In the early nineteen seventies I was interviewing exile Spanish anarchists who were living in London. Most had arrived there in the aftermath of the defeat of the Spanish Revolution in 1939 and I wanted to get their first hand impression of what had happened in Spain. Perhaps I fancied writing something afterwards although that desire doesn’t seem to have stayed as long as the experience of the interviews has. Truth be told it was going very badly. I realize now I was asking too many leading questions in a futile attempt to get them to say what I wanted to hear. I also realize some forty years after that I did not know enough about the complexities of Spanish anarchism to ask anything like the right questions (and after all this time I am still not sure that I do). There was something else as well. Something I couldn’t quite describe. A disconnect; probably on my part but perhaps on theirs as well. Whatever it was there was a lack of energy in the whole process that left me somewhat despondent and near to giving up. There seemed much better things I could do with my time.
Muttering about it with a couple of older anarchists who had been involved in Spanish support work led to sympathy and Ethel Mannin. Yes, they themselves had drifted away from some of the Spanish exiles over the years. Had I read No More Mimosa by Ethel Mannin? There was a story in there I might find useful and interesting. I picked a copy of the book up from a second hand shop in Dalston and read it.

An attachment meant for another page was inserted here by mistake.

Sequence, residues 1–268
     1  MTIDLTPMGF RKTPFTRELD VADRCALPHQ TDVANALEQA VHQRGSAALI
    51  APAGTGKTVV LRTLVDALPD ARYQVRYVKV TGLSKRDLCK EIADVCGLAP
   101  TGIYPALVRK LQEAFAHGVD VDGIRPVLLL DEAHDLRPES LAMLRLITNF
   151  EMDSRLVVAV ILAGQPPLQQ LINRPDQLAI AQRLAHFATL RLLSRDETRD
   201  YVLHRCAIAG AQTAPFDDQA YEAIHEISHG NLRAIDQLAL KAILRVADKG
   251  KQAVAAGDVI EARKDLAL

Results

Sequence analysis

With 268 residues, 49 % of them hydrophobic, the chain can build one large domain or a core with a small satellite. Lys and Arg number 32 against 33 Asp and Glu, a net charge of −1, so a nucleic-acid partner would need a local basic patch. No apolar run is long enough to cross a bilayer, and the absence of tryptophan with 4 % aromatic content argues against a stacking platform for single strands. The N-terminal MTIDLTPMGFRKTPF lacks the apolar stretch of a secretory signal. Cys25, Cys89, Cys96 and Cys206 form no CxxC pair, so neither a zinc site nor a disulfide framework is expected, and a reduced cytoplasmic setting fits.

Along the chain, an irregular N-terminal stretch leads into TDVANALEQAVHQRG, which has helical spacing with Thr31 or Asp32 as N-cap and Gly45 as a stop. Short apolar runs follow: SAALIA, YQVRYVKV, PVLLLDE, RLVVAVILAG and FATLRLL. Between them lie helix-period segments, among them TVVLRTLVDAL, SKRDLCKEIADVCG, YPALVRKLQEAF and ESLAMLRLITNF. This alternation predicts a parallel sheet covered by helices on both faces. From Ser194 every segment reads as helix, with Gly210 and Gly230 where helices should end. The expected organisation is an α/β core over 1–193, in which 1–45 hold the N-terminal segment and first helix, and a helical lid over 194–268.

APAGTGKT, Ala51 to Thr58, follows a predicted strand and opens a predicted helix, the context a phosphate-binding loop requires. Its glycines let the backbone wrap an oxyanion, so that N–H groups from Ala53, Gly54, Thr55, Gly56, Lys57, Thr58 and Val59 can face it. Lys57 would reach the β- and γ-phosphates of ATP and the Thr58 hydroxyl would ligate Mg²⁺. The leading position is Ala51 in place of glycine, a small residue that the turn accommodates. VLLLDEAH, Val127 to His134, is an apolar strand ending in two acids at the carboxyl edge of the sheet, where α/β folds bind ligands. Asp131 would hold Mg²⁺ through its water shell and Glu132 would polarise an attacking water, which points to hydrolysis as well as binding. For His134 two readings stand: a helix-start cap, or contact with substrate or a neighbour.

A quick note on Mannin might be useful here. As there is with most people, I am quickly learning, there was, of course, an important New Zealand connection. In her memoir Confessions and Impressions (1930) she recounts that as a sixteen-year-old copywriter for an advertising agency she began a relationship with an artist she identifies only as “J.S.” He introduced her to the work of the freethinker Robert Ingersoll as well as the writings of Tom Paine. Together they read books by William Morris, (‘News From Nowhere” made a great impression) Peter Kropotkin, and Upton Sinclair among others. In 1917 J.S. returned to New Zealand to avoid joining the British Army. Later Mannin would send her children to A.S. Neill’s Summerhill school and go on to join the Independent Labour Party (ILP) in 1935. During the conflict in Spain she became very interested in anarcho-syndicalism, supported the CNT-FAI (she contributed to the anarchist newspaper Spain and the World) and became friends with Emma Goldman. In 1941 she wrote Red Rose (1941) a novel based on Goldman’s life and in 1944 a wonderful study of Utopian ideas Bread and Roses (1944). A wickedly funny book Comrade O Comrade or Lowdown on the Left (1944) followed and is still worth reading today for the fun it pokes at radical posturing. She would go on to write copious amounts of travel books, many novels, numerous volumes of autobiography and always maintained an interest in what we might call alternatives to capitalism.